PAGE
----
BMW revives scooter ambitions as Audi revs up Ducati


Bayerische Motoren Werke AG (BMW) has long made powerful motorcycles such as the 193-horsepower S 1000 RR that can be seen screaming down the autobahn. Now, as arch-rival Audi roars into the bike market after buying Italy’s Ducati, BMW is looking to update its two-wheeler image with scooters designed to appeal to a more urbane rider.

BMW is reviving its scooter ambitions nine years after it discontinued the C1, a model with a roof to keep riders dry in rainy weather. The new line is a far cry from underpowered scooters of yore, featuring speed, power, and creature comforts such as heated seats and grips.

“The new scooters offer us a massive sales opportunity,” said Heiner Faust, sales chief for BMW motorcycle. The idea is to attract what the company calls “sleepers” — car owners who rode motorbikes in their youth. “The maxi scooters are the ideal products to activate them,” Faust said.

The expansion into scooters maneuvers BMW — which began building motorcycles in 1923, five years before its first car — away from Ducati. The Italian brand, which enthusiasts consider to be the two-wheel equivalent of Lamborghini, competes at the top end of the market with models such as the euro 28,690 ($35,500) 1199 Panigale S Tricolore.

Since Audi bought Ducati in July, Volkswagen AG’s luxury nameplate has pushed its association with the Italian cycle maker to boost its sporty appeal. This summer, it tied a promotion to the Pikes Peak International Hill Climb in Colorado and it’s sponsoring a contest in which the winner will get a free trip to California to drive a souped up Audi and ride a Ducati bike.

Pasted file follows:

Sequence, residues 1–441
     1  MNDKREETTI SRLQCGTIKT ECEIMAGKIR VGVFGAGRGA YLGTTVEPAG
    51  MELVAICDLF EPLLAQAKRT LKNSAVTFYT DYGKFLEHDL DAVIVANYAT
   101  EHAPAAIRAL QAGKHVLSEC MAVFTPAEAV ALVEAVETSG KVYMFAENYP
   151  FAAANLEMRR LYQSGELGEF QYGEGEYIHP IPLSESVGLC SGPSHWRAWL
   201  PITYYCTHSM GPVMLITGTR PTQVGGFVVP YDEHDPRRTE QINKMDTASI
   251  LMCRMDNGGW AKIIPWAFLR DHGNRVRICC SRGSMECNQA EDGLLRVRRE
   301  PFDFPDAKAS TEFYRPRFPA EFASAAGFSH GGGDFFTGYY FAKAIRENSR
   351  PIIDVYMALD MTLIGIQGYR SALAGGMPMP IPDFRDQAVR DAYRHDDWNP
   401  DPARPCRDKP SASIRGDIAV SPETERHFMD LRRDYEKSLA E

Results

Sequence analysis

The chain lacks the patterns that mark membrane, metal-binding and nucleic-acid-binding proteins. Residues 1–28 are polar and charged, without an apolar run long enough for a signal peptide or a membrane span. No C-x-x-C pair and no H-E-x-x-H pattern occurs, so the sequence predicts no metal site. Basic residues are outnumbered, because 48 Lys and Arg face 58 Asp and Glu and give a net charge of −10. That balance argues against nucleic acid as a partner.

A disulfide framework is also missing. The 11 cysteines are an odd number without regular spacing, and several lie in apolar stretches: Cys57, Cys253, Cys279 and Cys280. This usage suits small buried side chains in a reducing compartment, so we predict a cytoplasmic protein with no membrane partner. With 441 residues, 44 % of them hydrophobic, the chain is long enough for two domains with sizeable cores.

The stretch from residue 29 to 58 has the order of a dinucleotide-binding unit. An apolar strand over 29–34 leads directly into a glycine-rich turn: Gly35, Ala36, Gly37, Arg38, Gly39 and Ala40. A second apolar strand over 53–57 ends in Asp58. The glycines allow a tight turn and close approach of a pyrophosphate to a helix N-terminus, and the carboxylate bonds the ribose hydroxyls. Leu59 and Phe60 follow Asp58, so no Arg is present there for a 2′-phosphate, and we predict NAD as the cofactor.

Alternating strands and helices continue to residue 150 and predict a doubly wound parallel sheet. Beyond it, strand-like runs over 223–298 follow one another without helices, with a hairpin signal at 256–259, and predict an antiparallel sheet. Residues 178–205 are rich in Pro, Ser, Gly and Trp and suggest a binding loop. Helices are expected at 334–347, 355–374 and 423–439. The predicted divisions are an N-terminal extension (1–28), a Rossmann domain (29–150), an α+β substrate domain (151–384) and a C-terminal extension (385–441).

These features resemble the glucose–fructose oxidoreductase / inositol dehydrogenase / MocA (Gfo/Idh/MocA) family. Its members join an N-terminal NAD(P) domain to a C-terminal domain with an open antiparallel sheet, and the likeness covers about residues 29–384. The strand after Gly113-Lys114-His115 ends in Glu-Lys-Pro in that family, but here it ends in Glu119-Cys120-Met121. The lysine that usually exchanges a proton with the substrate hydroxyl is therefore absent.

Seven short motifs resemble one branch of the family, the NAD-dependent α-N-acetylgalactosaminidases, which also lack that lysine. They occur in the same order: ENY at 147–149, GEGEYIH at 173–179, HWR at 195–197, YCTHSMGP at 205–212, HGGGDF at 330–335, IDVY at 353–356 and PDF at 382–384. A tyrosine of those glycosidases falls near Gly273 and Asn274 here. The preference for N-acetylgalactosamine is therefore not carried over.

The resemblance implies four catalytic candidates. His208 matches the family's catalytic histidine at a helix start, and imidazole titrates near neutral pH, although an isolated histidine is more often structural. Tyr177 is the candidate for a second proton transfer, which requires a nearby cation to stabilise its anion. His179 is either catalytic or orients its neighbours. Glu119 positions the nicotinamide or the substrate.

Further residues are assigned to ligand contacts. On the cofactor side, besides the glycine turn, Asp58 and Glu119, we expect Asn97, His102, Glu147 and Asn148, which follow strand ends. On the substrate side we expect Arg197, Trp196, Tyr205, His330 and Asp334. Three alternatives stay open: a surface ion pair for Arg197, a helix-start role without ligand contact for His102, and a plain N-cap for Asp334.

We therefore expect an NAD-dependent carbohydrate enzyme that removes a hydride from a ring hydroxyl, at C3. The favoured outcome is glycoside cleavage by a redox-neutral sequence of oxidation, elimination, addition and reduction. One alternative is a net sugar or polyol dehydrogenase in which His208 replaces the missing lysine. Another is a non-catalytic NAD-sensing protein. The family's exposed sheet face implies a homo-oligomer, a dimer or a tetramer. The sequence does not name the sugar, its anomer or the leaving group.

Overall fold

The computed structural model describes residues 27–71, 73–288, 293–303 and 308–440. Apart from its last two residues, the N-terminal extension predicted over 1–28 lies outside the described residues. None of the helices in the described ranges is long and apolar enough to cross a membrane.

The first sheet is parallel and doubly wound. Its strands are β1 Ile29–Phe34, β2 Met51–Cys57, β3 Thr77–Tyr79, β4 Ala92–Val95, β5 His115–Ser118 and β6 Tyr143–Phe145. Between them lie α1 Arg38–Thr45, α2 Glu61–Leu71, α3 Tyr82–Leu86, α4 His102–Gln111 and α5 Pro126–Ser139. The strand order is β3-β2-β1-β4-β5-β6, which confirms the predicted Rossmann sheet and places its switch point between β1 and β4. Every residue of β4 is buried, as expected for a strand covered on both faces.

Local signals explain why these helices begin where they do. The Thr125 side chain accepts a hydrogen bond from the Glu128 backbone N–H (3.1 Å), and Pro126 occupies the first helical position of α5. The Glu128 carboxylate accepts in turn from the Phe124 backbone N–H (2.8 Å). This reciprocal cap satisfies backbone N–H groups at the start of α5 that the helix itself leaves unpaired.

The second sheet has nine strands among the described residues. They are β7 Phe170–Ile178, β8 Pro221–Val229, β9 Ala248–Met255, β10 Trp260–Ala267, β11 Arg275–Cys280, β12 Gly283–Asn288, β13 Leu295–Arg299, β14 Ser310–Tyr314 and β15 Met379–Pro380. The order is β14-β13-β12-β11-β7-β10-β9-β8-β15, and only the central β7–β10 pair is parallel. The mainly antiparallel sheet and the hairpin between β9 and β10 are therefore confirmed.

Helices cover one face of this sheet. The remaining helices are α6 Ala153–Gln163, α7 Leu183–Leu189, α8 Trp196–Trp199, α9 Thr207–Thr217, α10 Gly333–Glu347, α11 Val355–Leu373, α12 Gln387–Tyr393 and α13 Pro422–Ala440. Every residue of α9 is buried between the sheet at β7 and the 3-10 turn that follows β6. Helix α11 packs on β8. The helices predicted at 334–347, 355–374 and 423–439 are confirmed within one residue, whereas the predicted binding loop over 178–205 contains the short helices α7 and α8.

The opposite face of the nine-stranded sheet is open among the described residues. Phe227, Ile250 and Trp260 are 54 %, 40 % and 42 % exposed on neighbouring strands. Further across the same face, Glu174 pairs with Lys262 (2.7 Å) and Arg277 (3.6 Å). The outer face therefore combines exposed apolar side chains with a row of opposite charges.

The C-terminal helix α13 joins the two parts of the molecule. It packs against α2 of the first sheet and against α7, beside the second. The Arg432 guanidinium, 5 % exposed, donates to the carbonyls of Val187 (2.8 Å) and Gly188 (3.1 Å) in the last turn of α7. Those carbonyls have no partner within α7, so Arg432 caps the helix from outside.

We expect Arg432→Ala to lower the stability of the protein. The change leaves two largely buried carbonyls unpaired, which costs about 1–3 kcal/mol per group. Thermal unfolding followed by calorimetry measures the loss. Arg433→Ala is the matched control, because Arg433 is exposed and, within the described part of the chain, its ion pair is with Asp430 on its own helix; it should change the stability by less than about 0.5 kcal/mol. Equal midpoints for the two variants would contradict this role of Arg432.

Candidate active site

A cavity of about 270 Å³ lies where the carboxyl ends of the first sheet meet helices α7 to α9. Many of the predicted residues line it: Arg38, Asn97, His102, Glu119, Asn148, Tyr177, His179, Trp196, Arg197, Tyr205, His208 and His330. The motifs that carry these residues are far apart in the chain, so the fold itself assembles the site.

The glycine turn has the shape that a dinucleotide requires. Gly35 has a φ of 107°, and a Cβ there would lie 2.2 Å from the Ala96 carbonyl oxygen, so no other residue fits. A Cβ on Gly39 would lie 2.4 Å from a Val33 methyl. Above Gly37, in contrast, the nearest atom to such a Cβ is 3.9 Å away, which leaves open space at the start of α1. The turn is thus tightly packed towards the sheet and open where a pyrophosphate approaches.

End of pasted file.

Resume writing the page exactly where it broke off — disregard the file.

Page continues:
Sales of powered two-wheelers in Europe tumbled 38 per cent over the past five years to 1.72 million motorcycles and mopeds in 2011, according to data from the region’s motorcycle manufacturers association ACEM. Deliveries in the first half dropped 13 per cent for the industry.

BMW hasn’t been immune to the slump. Its motorcycle sales, including the Husqvarna brand, fell 4.2 per cent in the second quarter. Still, the unit managed an operating profit margin of 11.7 per cent of sales, edging ahead of the auto operations’ 11.6 per cent return.

“Young people associate motorcycles with their grandfather’s generation,” said Stefan Bratzel, director of the Center of Automotive Management at the University of Applied Sciences in Bergisch Gladbach, Germany. “The manufacturers have to move away from the old motorcycle image and offer innovative two-wheelers to make riding fashionable again. This is a Herculean task.”

To counter the decline and reach its target of surpassing its 2011 sales, BMW is rolling out the C600 Sport and C650 GT scooters, which went on sale in Europe in July. The 60- horsepower machines have automatic transmissions and a top speed of 175 kilometers (109 miles) per hour.

The lighter and cheaper of the two, the C600 Sport, can accelerate to 100 kilometers per hour in 7.1 seconds — faster than a BMW 3-series sedan — and starts at euro 11,100 in Germany, euro 1,250 more than the base price for the VW Up! compact car.

BMW plans to deliver at least 10,000 scooters next year — equivalent to about 9 per cent of the company’s motorcycle sales in 2011.

In 2014, BMW is planning a further step away from the high- powered image of its highway bikes with an electric scooter. The model, called the C evolution, will use the same lithium-ion battery cells expected to power the German company’s i3 city car, which is due to go on sale next year.

In that market, BMW will face competition from Daimler AG’s urban Smart brand, which will introduce an electric version of the fortwo car later this year. The company makes an electric-powered bicycle that costs euro 2,849 ($3,507) in Germany and will go on sale in the US next year. In 2014, Smart plans to add an e-scooter to its lineup.

“E-scooters are an opportunity to test the technology on a large scale,” said Richard Viereckl, a partner with consulting company Management Engineers in Dusseldorf. To lower the average fuel consumption of their fleets and meet tighter environmental standards, manufacturers “will need e-mobility.”